Now that this pattern has been identified, new notations can be devised that are general and homoiconic - avoiding the problems of past efforts.

See http://www.dwheeler.com/readable/readable-s-expressions.html for a longer discussion on past efforts.

Why these three tiers?

We have three tiers, each of which builds on the previous one, as described in [Solution]. We have devised them to try to meet our [Goals]. First, let's discuss why these three tiers.

Each tier improves the notation, but has a trade-off; by creating three tiers, people can choose the tier they are comfortable with, yet use them together:

  1. Curly-infix-expressions (c-expressions) add infix notation, the notation people are trained in and most programming languages support out-of-the-box. This notation uses {...}, which are not used by many Lisps (including Common Lisp and Scheme), so in most cases there is no compatibility issue adding this. It's also trivial to add to Common Lisp (just modify the readtable). Thus, this creates a simple "first step" that people can adopt without concern.
  2. Neoteric-expressions (n-expressions) allow people to use a function name outside of the parentheses, which is the notation most people are taught in school and is used by most programming languages. This involves a subtle incompatible change in most Lisp readers, so a few might hesitate doing this. But code where this difference matters is considered extremely poor style, and is unlikely in modern code - and a pretty-printer would eliminate any such problems (just apply it first). Neoteric-expressions build on curly infix, since the prefixed {} requires handling curly infix.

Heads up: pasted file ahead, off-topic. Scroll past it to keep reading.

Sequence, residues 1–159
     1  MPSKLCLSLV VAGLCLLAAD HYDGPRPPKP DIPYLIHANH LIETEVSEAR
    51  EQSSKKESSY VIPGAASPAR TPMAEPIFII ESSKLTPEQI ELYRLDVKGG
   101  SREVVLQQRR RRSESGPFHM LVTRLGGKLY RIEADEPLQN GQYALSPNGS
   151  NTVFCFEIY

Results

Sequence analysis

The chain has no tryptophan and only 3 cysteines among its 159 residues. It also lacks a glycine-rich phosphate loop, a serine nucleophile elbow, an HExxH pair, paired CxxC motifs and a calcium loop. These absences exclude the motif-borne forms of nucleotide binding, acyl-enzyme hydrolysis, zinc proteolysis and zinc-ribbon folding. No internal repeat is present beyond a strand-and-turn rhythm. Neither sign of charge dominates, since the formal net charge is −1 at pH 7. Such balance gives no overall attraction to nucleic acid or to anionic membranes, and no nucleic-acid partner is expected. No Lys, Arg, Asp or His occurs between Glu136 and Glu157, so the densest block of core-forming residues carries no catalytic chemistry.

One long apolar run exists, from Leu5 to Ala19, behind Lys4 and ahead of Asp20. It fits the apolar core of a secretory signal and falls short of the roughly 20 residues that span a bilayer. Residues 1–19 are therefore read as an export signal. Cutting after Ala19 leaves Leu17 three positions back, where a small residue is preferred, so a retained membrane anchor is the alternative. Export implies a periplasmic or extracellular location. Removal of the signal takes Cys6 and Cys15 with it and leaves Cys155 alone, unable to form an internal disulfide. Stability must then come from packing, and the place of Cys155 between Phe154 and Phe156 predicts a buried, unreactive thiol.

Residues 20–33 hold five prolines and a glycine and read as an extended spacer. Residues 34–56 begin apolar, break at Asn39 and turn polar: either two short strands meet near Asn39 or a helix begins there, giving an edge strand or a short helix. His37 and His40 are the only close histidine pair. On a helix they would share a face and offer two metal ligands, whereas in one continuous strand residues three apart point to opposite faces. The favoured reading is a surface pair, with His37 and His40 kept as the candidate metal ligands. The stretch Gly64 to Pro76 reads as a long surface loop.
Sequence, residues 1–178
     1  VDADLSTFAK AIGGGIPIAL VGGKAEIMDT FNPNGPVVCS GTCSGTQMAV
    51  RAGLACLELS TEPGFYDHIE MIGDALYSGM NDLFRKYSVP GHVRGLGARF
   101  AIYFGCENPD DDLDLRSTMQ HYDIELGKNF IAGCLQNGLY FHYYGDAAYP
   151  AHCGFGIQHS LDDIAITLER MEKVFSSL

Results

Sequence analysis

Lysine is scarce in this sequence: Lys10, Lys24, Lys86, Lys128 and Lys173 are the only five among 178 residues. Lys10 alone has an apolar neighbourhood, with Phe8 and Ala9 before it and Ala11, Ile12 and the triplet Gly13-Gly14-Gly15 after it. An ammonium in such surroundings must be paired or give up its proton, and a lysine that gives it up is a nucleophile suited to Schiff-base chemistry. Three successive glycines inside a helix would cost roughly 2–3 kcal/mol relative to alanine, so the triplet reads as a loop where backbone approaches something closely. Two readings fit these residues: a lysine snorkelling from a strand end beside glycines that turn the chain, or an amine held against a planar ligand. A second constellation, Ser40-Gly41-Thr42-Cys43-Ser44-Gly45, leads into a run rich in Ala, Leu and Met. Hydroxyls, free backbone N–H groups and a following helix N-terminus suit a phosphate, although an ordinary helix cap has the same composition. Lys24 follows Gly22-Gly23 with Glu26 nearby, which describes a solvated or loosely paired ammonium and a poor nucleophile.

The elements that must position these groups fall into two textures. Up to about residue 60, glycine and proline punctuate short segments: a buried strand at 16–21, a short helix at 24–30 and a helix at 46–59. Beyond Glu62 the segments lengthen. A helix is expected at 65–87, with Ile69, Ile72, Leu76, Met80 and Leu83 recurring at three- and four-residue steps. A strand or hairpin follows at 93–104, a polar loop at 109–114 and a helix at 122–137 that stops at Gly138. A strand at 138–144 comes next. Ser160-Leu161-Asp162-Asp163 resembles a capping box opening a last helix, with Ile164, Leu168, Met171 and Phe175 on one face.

3. Sweet-expressions (t-expressions) add indentation support, eliminating the need for many parentheses. However, this adds another subtle change, and some people won't want indentation to be relevant. By making this a separate tier, people can adopt neoteric-expressions if they don't want syntactically meaningful indentation.

It would be possible to mix-and-match each idea, but that makes it more complicated for users to know what's allowed (they would have to answer three questions, instead of simply answering "which notation is supported?"). Neoteric-expressions add support for prefix {...}, which doesn't make sense without curly infix. But perhaps more importantly, each tier has an obvious additional cost in terms of implementation effort and compatibility; it would make less sense to add one of the later tiers without adding the former ones. Thus, to make things simple for users, it's best to define this as a set of 3 tiers that build on each other.

More detailed rationale

Now, let's focus on each one, and see why they've been defined the way they are:


Wiki: Goals
Wiki: Home
Wiki: Hubris
Wiki: Join
Wiki: Problem
Wiki: Rationale-curly-infix
Wiki: Rationale-miscellaneous
Wiki: Rationale-neoteric
Wiki: Rationale-sweet
Wiki: Solution